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Easy CAFC Patent-Eligibility Case: Digital Product Licensing

In a one-line order under its Rule 36, the Federal Circuit has affirmed a decision of Judge Schroeder in the Eastern District of Texas granted a Rule12(b)(6) motion to dismiss claims of patent infringement where claims were directed to “adjusting the number of devices allowed to use a digital product (e.g., software) under a license.”  Uniloc, USA, Inc. v. Amazon.com, Inc., No. 2017-2051 (Fed. Cir., Aug. 9, 2018).  The district court decision finding claims of U.S. Patent No. 8,566,960 patent-ineligible under the Alice/Mayo test and 35 U.S.C. § 101 is discussed in this post. It should be no surprise that the Federal Circuit panel (Chief Judge Prost and Judges Taranto and Chen) made this a Rule 36 affirmance.  In a nutshell, the district court’s decision had explained that the claims of the ’960 patent were invalid under § 101 because “time-adjustable licenses” were a “fundamental economic practice.”  Certainly, if you look at the…

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How Is Collateral Estoppel Applied to Patent Invalidity?

A California court has held that a defendant is collaterally estopped from asserting patent-ineligibility under 35 USC § 101 because the defendant, in prior litigation, lost a post-trial motion in which it evidently raised other theories of patent invalidity, even if not § 101 invalidity.  XpertUniverse, Inc. v. Cisco Systems, Inc., No. 17-cv-03848-RS (N.D. Cal. May 8, 2018). Notably, the court distinguished the Federal Circuit’s very recent decision in Voter Verified, Inc. v. Election Systems and Software, LLC. In Voter Verified, the Federal Circuit held that, while Alice was not a change in the law, the fact that § 101 patent-eligibility was “barely considered” in prior litigation precluded application of collateral estoppel. Plaintiff XpertUniverse had sued defendant Cisco alleging infringement of claims of US Patent No. 7,499,903, directed to “semantic to non-semantic routing for locating an expert.” Prior versions of Cisco’s “Remote Expert” products had been found to infringe the…

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CAFC: Alice Not a Change in Law Preventing Issue Preclusion

A Federal Circuit panel (Judges Lourie, Newman, and Reyna) has rejected a district court’s statement that Alice Corp. v. CLS Bank Int’l., was “an intervening change in the law” that would “exempt a potential application of issue preclusion.”  However, after finding that patent-eligibility was not previously litigated, the court held that issue preclusion did not prevent a determination that claims directed to “’auto-verification’ of a voter’s ballot” are patent-ineligible under 35 U.S.C. § 101.  Voter Verified, Inc. v. Election Systems and Software, LLC., No. 2017-1930 (Fed. Cir. April 20, 2018) (precedential). The patent at issue was U.S. RE40449, directed to a voting system including “auto-verification whereby the voter has the opportunity and the responsibility to inspect the computer-printed ballot with his or her votes.” The procedural history of the prior litigation involving this patent, which has 94 claims, was complex.  Saliently, a district court had entered summary judgment of non-infringement…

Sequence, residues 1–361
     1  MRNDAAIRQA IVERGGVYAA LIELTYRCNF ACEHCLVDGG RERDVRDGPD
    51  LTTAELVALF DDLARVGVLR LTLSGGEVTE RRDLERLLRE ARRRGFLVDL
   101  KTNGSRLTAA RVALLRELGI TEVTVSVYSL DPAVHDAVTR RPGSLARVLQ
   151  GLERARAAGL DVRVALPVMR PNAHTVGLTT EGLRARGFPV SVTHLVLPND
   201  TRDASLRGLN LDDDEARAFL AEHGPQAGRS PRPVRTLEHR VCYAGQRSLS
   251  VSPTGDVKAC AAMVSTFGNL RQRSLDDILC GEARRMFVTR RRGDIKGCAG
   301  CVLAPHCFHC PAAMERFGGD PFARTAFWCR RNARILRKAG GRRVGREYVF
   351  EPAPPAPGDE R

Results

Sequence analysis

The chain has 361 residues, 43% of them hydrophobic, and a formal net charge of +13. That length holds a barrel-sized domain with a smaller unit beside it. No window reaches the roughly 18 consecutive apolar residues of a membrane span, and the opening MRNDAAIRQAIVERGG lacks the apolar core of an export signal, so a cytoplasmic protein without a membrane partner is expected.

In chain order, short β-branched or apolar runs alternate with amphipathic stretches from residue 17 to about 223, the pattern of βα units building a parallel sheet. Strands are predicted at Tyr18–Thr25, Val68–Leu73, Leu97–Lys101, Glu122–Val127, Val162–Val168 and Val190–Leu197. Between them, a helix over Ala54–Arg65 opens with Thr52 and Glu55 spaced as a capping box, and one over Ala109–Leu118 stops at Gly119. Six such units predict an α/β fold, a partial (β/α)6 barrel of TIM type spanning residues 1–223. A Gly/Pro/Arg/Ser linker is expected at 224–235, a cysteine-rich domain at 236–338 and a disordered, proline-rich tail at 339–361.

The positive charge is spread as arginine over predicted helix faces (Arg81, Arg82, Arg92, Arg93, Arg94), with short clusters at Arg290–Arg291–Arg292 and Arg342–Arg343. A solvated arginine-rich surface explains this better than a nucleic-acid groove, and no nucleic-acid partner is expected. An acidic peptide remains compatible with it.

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Are Patient Monitoring Claims Patent-Eligible?

Addressing a defendant’s motion for judgment on the pleadings, a court has held that some patent claims directed to monitoring and analyzing patient data cannot be deemed patent-ineligible at the pleading stage, while other asserted claims are patent-ineligible as a matter of law.  CardioNet, LLC v. InfoBionic, Inc., No. 1:15-cv-11803-IT (D. Mass. May 4, 2017).  The patents-in-suit are U.S. Patent Nos. RE43,767, 7,212,850, 7,907,996 and 7,099,715. Considering each of the patents in turn, the court began with the ’767 patent (“Control of Data Transmission between a Remote Monitoring Unit and a Central Unit”).  Asserted claim 9 recited “steps of providing a monitoring apparatus” that provided data from a remote patient monitoring unit to a central unit. The claims represented no “specific improvement to computer activities,” but rather “is directed to the abstract idea of gathering a limited set of patient data and then determining whether to gather additional data.” However, it…

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Click-Fraud Prevention Patent-Ineligible in CBM Review

Two patents directed to “detect[ing] invalid and fraudulent impressions and clicks in web-based advertisement systems” are Covered Business Method Patents under Section 18 of the America Invents Act, and moreover are patent-ineligible under 35 U.S.C. § 101, the PTAB has held in two companion cases.  Google, Inc. v. Zuilli, Case CBM2016-00022, Patent 8,326,763 B2 (PTAB May 5, 2017); Google, Inc. v. Zuilli, Case CBM2016-00021, Patent 7,953,667 (PTAB May 5, 2017).  The PTAB’s decision came after it had ordered additional briefing in light of Unwired Planet, LLC v. Google Inc., 841 F. 3d 1376 (Fed. Cir. 2016), in which the Federal Circuit had explained limitations on the scope of covered business method review. Most of the following is drawn from the PTAB’s opinion concerning the ’667 patent, but the analyses in the respective opinions were very similar. First, the PTAB had to decide whether the patents were “covered business method patents,” i.e., directed…

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